• 8: Physiological processes involved in cadmium uptake in plants
    • 9: Conclusions
    • Index

    Product details

    • No. of pages: 270
    • Language: English
    • Copyright: © Academic Press 2021
    • Published: April 8, 2021
    • Imprint: Academic Press
    • Paperback ISBN: 9780128179550
    • eBook ISBN: 9780128179567

    About the Editors

    Aryadeep Roychoudhury

    Dr. Aryadeep Roychoudhury is currently working as Assistant Professor in Department of Biotechnology, St. Xavier’s College (Autonomous), Kolkata, India. Dr. Roychoudhury has received his Ph.D. in Science from Jadavpur University, India. During this period, he worked in the field of plant molecular biology and biotechnology in the area of abiotic stress tolerance in rice at Bose Institute, Kolkata. Currently, he is working with the different forms of environmental stresses like salinity, drought and heavy metals in plants as well as characterization of several indigenous aromatic rice varieties. He has published several research papers in international and national journals and book chapters with reputed publishers. He is also supervising Ph.D. students at his Institute.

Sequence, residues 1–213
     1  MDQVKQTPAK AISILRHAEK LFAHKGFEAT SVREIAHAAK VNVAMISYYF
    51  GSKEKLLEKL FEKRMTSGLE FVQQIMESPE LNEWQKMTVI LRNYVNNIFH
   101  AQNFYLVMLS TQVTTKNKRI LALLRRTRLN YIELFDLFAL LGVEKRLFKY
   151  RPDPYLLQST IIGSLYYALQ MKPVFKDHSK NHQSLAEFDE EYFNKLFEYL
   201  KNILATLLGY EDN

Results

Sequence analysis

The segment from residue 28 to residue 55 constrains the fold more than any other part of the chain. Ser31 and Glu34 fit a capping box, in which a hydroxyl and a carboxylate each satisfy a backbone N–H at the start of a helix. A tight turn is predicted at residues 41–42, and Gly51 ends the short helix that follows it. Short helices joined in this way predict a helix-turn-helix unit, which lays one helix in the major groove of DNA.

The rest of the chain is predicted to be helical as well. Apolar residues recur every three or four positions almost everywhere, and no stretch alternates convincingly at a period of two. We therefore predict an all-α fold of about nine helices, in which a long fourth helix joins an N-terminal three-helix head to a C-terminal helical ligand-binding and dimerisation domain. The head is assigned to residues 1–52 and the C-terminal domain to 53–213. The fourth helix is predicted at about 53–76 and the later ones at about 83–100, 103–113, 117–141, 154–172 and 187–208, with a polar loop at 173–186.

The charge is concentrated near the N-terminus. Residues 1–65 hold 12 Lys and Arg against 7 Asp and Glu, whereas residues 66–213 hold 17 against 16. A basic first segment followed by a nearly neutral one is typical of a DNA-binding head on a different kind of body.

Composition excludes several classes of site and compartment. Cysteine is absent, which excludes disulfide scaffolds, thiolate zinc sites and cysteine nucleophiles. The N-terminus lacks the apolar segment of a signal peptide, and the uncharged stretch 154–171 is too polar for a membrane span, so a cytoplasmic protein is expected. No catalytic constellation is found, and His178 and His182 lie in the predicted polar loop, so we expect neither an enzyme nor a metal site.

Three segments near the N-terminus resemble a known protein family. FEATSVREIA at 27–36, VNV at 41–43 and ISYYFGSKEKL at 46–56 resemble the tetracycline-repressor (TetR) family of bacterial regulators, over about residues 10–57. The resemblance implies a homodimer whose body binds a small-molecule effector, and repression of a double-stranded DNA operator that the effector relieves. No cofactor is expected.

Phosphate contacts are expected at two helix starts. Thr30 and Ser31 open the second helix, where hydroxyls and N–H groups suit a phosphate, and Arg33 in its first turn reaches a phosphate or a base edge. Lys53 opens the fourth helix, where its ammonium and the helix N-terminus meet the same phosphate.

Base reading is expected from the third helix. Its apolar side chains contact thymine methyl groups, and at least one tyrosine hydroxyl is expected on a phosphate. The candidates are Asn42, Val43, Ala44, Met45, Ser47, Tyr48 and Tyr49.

Affiliations and Expertise

    Department of Biotechnology, St. Xavier’s College (Autonomous), Kolkata, India

    Durgesh Kunar Tripathi

    Dr. Durgesh Kumar Tripathi is currently working as a Scientific Officer in Centre for Medical Diagnostic and Research, Motilal Nehru National Institute of Technology, Allahabad, India. He is the recipient of ‘Dr DS Kothari Post Doctoral Fellowship’ of the UGC, New Delhi. Dr. Tripathi has received his D.Phil. in Science from University of Allahabad, India. During this period, Dr. Tripathi worked extensively on phytolith analysis, crop stress physiology, agro-nanotehnology and molecular biology. He has expertise on laser spectroscopy. His research interests encompass stress tolerance mechanisms in plants. Presently, he is working with nano-materials and their interactions with plants to find out their detoxification mechanisms. He has published more than 65 research papers and review articles having the world repute and several book chapters. He has also edited four books for Elsevier, Wiley, CRC-Press and NOVA.

    Affiliations and Expertise

    Amity Institute of Organic Agriculture, Amity University, India

    Rupesh Deshmukh

    Affiliations and Expertise

    University Laval, Quebec, Canada and Ramaligaswami Fellow, National Agri-Food Biotechnology Institute, India

    Ratings and Reviews

    Write a review

    There are currently no reviews for "Metal and Nutrient Transporters in Abiotic Stress"